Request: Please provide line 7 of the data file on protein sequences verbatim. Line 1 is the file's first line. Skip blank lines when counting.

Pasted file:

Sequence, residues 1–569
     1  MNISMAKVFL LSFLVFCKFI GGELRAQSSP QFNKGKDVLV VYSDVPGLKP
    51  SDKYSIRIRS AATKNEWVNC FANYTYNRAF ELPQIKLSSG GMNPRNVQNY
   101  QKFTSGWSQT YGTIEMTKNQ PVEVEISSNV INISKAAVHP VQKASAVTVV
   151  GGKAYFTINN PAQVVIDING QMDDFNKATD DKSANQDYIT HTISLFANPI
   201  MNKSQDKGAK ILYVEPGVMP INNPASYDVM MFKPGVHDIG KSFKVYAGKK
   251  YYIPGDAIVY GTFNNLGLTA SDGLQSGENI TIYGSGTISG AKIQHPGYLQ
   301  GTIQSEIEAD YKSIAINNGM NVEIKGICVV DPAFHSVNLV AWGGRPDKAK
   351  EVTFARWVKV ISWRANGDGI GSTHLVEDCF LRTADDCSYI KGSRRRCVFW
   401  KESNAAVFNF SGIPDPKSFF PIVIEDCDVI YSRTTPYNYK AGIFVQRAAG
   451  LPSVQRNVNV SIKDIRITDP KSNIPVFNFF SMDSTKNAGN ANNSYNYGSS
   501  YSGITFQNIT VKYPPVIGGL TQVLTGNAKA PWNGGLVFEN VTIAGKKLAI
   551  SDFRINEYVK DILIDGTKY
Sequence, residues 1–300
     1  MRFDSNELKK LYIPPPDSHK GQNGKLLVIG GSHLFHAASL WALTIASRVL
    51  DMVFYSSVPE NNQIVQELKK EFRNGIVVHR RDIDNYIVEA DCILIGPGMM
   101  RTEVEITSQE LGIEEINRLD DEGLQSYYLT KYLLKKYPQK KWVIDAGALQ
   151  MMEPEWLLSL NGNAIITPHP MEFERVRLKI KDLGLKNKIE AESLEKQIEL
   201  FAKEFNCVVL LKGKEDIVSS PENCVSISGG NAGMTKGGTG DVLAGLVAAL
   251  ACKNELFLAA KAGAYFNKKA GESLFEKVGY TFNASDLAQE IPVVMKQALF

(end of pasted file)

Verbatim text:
   251  YYIPGDAIVY GTFNNLGLTA SDGLQSGENI TIYGSGTISG AKIQHPGYLQ